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This Guy Has Hacked The Airline Industry And Travels The World For Free
When Business Insider spoke with Scott Keyes, he was on a 10-hour layover in Dallas kicking back in the Centurion Lounge, where American Express has provided its members with free food and drinks, high-speed Wi-Fi, free spa services, and even its own shower suite.
“It’s just a day in the office in here essentially. I’ve got a nice work space, food, drinks, some Wi-Fi. This is like this whole other world.”
Keyes, a reporter for Think Progress, gained access to the lounge as a perk from one of his 25 credit cards. The card, an American Express Platinum, typically has an annual fee of $450, but Keyes managed to get it waived for the first year by taking advantage of an online deal. After that, he’ll either try to get the next year’s fee waived as well, or he’ll simply downgrade the card to something that doesn’t carry a fee.
This is nothing new for Keyes, who told us that he uses his massive collection of credit cards to gain points, frequent flyer miles, and plenty of other member perks all the time. He then turns around and uses those perks on vacations like his upcoming trip that will take him 20,000 miles on 21 flights — all for free.
This isn’t luck. Keyes is somewhat of an expert on traveling for little to no cost, not unlike extreme couponers who put incredible amounts of time, energy, and thought into making sure they never pay a penny more than they have to when making purchases.
The epic world trip spans 13 countries — Mexico, Nicaragua, Trinidad, St. Lucia, Grenada, Germany, Czech Republic, Ukraine, Bulgaria, Greece, Macedonia, Lithuania, and Finland — over the next two months. Total airfare is 136,500 frequent flyer miles plus a few small taxes, such as ‘airport use’ fees, that are all under $20 per flight.
Aside from those taxes, Keyes will be paying exactly $0 for his trip, including his hotel stays (he used credit card reward points that he had saved up for exactly this purpose).
It took him around 10 to 15 hours to plan his itinerary, including finding flights that will use his miles, choosing between airlines, and avoiding “fuel surcharges” at all costs.
Keyes had been living and working for the past year in Oaxaca, Mexico, but now that he’s returning to the US, he realized it was the perfect opportunity to spend some time traveling before jumping back into a full-time job.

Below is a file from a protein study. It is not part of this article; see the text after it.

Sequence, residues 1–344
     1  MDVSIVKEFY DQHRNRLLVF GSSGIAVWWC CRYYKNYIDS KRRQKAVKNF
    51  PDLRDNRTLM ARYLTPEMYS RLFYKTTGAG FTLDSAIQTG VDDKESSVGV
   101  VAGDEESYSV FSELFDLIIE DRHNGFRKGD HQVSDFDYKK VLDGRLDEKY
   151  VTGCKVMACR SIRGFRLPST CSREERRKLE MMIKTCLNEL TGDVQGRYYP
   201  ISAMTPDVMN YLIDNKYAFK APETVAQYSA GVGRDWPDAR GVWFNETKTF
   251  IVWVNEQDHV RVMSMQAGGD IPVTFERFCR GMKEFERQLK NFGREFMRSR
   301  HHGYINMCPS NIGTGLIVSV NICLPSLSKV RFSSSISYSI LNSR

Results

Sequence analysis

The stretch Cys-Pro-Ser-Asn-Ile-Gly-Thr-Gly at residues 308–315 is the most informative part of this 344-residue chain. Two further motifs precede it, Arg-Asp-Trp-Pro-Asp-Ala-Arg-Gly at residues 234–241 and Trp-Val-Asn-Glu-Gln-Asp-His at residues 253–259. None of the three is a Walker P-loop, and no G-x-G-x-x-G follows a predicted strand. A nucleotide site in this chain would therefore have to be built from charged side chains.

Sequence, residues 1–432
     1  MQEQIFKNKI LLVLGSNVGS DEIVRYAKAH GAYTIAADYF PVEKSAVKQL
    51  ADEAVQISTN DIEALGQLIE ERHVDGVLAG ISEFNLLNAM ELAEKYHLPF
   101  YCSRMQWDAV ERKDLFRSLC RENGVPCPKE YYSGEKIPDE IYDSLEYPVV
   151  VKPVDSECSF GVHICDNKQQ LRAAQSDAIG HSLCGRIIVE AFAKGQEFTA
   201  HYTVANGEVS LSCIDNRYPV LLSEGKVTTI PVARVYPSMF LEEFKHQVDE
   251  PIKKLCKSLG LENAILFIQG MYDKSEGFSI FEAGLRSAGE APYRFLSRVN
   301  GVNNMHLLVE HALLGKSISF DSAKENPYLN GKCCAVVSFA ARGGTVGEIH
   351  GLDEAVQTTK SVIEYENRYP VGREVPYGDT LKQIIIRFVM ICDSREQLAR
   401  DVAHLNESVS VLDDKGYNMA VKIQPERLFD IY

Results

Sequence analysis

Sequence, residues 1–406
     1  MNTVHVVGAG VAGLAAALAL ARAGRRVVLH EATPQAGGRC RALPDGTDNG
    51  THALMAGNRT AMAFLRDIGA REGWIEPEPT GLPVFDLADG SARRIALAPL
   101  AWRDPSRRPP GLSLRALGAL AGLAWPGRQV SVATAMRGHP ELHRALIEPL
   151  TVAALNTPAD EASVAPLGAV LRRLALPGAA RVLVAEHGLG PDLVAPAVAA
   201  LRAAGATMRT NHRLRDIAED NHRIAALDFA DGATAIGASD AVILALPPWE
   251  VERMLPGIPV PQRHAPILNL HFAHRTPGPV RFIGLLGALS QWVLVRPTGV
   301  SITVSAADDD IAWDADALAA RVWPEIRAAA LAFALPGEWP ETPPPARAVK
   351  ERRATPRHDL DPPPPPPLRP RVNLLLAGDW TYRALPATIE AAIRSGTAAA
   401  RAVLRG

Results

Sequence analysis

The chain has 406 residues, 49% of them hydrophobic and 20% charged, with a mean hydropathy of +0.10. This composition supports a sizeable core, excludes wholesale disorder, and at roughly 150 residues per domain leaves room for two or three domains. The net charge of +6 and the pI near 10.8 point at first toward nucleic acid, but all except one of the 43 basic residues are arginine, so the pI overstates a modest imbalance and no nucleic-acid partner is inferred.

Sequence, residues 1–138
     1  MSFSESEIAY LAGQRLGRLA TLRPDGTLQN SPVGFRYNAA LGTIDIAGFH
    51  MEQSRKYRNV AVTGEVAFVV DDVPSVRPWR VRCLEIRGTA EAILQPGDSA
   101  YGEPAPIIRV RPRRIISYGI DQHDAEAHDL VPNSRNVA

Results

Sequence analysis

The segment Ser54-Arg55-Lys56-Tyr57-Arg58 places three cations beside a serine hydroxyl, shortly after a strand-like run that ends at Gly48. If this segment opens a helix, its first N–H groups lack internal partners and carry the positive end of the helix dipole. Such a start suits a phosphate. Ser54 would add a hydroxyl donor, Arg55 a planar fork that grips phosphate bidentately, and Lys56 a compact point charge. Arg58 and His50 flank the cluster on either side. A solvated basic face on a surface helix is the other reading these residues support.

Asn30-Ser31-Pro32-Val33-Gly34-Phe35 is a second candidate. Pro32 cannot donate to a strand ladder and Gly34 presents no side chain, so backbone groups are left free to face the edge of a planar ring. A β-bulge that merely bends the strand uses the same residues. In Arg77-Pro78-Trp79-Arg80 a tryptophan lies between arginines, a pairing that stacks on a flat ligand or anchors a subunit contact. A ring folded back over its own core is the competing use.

“It’s tough when you have a job and you have to ask your boss for time off.” “You only have a limited time off and then you spend a lot of that traveling. I figured while I’m in a position where I don’t have a 9-to-5, I might as well take advantage.”
This is not the first time Keyes has gone on an incredibly cheap getaway for next to nothing. He has flown to Milan for $130, gone to Galapagos for $45, and visited Norway and Belgium for around $350 instead of the typical $1,000.
On finding bargain flights:
“It’s not necessarily easy or intuitive for beginners. “But the good news is that because if you do a little bit of leg work — learn how to get a few miles and how to use them well — you can start to travel really, really well.”
Keyes has a few methods to procure his frequent flyer miles, including opening new credit cards that award miles or points, letting airlines know when there’s a problem with his flight, and not being afraid to get bumped if a flight is full.
He also uses Award Wallet and a detailed spreadsheet to keep organized so he never misuses his credit cards or loses track of his points and miles. In fact, since he started accruing cards, Keyes insists his credit score has actually increased just by virtue of handling his credit responsibly.
And when it comes to finding cheap trips, Keyes has an RSS reader and Twitter list chock-full of blogs and websites like Airfarewatchdog and The Flight Deal that he skims to see if there are any “mistake fees” or cheap flights available.
The key, he said, is flexibility.
“If your ultimate goal is to be able to find as cheap a flight as possible and go somewhere cool for not much money then starting with an open, blank slate and going wherever there’s a cheap flight right now is going to be your best bet.”
Since starting his frequent-flyer-mile journey, Keyes has been to 30 countries — this next trip will make that count 42 — and flown 354,000 miles or roughly 14.3 times around the earth.
“THE MOON IS ONLY 250,000 MILES AWAY. I’VE ONLY GOT 150,000 MORE TO GO UNTIL I CAN GET BACK FROM THE MOON.”
As for his upcoming trip, Keyes said he’s most excited to visit a “beer spa” in Prague.
“I don’t quite understand it because I don’t speak Czech, but my understanding from pictures is that you just go and soak in beer. And who can complain about that?”
Thanks to Collectively Conscious for this article